Carol Roth is a national media personality, ‘recovering’ investment banker, investor, speaker and author of the New York Times bestselling book, The Entrepreneur Equation. She is a judge on the Mark Burnett (Shark Tank, The Voice, Survivor, The Apprentice) produced technology competition series, America's Greatest Makers, airing on TBS and Host of Microsoft's Office Small Business Academy show. Previously, Carol was the host and co-producer of The Noon Show, a current events talk show on WGN Radio, one of the top stations in the country, and a contributor to CNBC, as well as a frequent guest on Fox News, CNN, Fox Business and other stations. Carol's multimedia commentary covers business and the economy, current events, politics and pop culture topics. Carol has helped her clients complete more than $2 billion in capital raising and M&A transactions. She is a Top 100 Small Business Influencer (2011-2015) and has her own action figure. Twitter: @CarolJSRoth

I totally disagree with this article... if ur good at something and have a passion for doing it u really should try to make a living out of it... u are more likely to make more money and have a better life at doing something u love as a job... of course its not a guarantee that u will make anything out of something u love doing but its much better to try than spending the rest of ur life regretting not doing it... and also just because u do ur hobby as ur job it doesn't mean u still cant do it for u without getting paid... like say if someone became a dancer they could still do it in their spare time... or say a music producer could still create music in their spare time... especially since the music the producer is getting paid to make will be styled towards the artist and not themselves... its always best to do what u love for a living and u will have much more of a chance at making the most out of it than at a job u hate...  btw sorry about the short type im on my phone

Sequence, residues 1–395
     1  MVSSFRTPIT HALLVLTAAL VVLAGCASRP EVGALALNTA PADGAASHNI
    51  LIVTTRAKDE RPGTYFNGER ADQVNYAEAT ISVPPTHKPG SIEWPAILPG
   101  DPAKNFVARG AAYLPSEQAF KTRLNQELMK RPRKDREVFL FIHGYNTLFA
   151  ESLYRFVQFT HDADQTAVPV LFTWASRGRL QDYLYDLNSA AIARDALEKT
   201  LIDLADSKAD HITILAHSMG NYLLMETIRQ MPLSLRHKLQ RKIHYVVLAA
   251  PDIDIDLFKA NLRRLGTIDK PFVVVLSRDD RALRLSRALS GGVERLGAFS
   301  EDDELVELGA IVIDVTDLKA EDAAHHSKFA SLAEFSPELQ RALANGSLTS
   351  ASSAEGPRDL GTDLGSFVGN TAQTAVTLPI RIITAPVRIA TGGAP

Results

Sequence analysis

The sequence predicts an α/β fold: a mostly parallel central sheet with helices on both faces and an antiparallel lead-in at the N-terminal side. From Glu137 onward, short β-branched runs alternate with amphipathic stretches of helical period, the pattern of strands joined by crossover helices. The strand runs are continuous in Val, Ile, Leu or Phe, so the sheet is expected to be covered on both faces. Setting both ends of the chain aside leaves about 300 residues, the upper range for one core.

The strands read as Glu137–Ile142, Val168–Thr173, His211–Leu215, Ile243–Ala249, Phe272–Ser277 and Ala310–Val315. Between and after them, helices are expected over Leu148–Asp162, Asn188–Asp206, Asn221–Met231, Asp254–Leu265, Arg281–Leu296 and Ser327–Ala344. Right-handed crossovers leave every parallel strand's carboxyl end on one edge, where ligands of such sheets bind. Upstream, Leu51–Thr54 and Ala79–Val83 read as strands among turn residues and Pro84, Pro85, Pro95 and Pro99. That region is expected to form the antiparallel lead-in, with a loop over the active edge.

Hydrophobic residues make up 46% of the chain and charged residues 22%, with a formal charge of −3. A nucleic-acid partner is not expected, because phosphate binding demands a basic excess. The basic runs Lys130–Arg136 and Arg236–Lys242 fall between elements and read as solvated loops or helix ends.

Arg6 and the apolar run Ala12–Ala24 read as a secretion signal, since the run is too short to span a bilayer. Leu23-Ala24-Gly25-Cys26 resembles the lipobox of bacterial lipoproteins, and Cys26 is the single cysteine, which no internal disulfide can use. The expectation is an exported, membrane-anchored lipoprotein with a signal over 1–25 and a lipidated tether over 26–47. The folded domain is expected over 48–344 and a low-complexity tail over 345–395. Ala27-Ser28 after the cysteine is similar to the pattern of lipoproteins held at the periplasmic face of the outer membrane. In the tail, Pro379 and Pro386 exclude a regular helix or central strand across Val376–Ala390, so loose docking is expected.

I wish that I would’ve transferred to a different instrument. I was looking at the music123 site today. I like that it solves multiple problems especially with the Learn to Play music tools. The instruments often come in packages including a case but also with manuals. My favorite part of the site was the Cash Out section. Trade-in options are also available which I hadn’t heard about now but it would work well in my situation. This means that I may be able to trade the gear that I can’t play anymore into something that I can actually play. Have you either lost or revived any hobbies since you got sick?


I have had to sacrifice a lot of hobbies just because fibromyalgia so oftentimes is all about survival. However, losing hobbies also means a loss of self. I think that most hobbies can be modified. For instance, I used to play violin before I got sick. However, I was too tired to go to lessons or play in an orchestra. Plus, my fingers wouldn’t move that way anymore.


  1. […] This post was mentioned on Twitter by Les McKeown, Nuno Donato, Bruce Serven, ndunleavy, Carol Roth and others. Carol Roth said: 6 Reasons to keep your hobby a hobby […]